Most of us have rolled through drive thrus and been satisfied with just-OK breakfast sandwiches. They’re awfully small — not really a full breakfast at all. But wow, do they come loaded with marketing doublespeak. There’s a certain restaurant chain that’s currently advertising the fact that its breakfast sandwiches now contain, a real “fresh-cracked” egg.
Congratulations on using the egg. And, well, as for “cracked,” how else are you supposed to get at what’s inside?
The thing is, there are some Edmonton cafes and restaurants that make really great breakfast sandwiches, efforts that far surpass anything you’d get from a drive-thru. Here’s what we tried:
The cafe is a converted, green home in Bonnie Doon, with a large patio in what was once a backyard. It’s pretty darn inviting.
The cafe has a breakfast sandwich on offer, and it’s the ciabatta bun that makes it all work. Bacon, egg and cheese are sandwiched in a pretty darn big package. But, what’s that French-toast kinda feel? That comes from the fact that a light drizzle of syrup is added, giving you a surprising note of sweetness.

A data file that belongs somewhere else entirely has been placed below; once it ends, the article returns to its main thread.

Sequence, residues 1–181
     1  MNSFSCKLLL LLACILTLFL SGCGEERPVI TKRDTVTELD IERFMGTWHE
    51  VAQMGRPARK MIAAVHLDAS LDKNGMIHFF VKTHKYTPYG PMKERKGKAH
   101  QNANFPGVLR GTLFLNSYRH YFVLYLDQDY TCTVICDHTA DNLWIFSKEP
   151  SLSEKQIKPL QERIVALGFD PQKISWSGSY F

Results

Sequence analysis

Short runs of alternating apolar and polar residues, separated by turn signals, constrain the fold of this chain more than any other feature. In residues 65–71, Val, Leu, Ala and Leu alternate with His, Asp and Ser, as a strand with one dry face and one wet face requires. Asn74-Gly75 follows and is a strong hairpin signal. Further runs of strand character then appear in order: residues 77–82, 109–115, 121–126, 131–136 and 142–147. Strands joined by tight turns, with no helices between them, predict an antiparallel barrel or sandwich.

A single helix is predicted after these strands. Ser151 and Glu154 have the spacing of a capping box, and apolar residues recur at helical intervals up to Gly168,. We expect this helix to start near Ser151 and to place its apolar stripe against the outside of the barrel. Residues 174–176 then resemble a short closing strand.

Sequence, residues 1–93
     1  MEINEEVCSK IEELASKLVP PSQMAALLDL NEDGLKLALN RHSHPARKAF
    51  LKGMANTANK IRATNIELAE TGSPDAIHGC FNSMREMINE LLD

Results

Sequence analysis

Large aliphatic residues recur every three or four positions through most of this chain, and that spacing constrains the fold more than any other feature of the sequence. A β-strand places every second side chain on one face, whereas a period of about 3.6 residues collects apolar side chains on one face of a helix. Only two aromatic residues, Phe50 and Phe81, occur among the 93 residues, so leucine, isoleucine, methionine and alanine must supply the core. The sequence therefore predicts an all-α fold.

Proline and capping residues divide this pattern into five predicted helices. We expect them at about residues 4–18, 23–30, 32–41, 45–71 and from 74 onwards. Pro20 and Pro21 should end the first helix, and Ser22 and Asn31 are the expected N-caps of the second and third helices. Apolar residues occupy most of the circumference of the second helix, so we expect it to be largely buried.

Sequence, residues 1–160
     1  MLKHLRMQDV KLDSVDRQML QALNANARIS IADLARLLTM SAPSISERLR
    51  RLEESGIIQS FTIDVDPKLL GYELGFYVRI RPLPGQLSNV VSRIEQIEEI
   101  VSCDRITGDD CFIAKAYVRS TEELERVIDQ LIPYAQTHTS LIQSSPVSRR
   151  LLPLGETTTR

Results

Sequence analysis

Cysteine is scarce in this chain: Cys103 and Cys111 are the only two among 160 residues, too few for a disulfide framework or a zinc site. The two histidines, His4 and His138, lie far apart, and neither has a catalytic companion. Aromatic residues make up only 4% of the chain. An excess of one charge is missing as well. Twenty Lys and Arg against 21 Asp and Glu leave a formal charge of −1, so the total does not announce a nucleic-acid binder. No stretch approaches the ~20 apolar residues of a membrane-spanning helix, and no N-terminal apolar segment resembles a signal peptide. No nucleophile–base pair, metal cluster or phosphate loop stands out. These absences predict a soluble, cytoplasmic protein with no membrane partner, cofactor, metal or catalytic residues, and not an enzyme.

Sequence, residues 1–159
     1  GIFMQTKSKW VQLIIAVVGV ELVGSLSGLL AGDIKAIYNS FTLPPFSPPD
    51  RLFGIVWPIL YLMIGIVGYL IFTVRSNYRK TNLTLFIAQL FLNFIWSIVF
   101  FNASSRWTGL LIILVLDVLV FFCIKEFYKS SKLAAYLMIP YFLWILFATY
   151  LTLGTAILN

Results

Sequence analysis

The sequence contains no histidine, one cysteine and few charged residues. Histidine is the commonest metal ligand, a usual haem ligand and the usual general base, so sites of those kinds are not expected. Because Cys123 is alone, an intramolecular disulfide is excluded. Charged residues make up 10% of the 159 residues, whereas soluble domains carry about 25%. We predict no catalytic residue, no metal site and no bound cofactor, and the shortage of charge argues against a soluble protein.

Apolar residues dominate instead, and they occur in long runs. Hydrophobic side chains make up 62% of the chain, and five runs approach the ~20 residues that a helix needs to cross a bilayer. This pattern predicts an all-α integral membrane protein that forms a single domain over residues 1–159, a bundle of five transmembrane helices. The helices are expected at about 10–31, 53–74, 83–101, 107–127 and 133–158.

Was I still hungry after eating this? No. Was eating this on the patio a nice way to spend a part of my morning? Yes.
Rosewood offers three takes on the breakfast sandwich: griddled scallions, bacon or chicken sausage.
I went with the house-made chicken sausage, a patty that’s as big as a burger. It’s served on a shiny, soft house-made milk bun, cheddar and a chili jam that’s, well, pretty tangy and sensational.
This is about as ambitious a breakfast sandwich as I’ve had in Edmonton; if you get it with a side of the home-fried potatoes, well, it’s the kind of breakfast that might require you to have a nap, afterwards.
Seriously, the chicken sausage is delicate, and doesn’t overpower the egg and cheese. It’s a fantastic balance, and maybe the most nuanced breakfast sandwich you can get in Edmonton.
Serving eggs Benedict as a sandwich is a challenge. After all, a poached egg is a runny egg, right? The Handheld Bennie is a poached egg with hollandaise served in a Portuguese bun — and this is not something you are going to eat in your vehicle, unless you hate your vehicle. The egg is delightfully gooey and will run over the bun, and we won’t tell if you lick some of it off your fingers.
There are choices of fixings to go on the sandwich; we had it with bacon and a lemon-garlic aioli that has just enough zip to cut the richness of the hollandaise.
As well, the patio is located in front of what may be the coolest strip mall in Edmonton, with a Ukrainian art gallery, vintage kitchen appliances and an art collective located upstairs.
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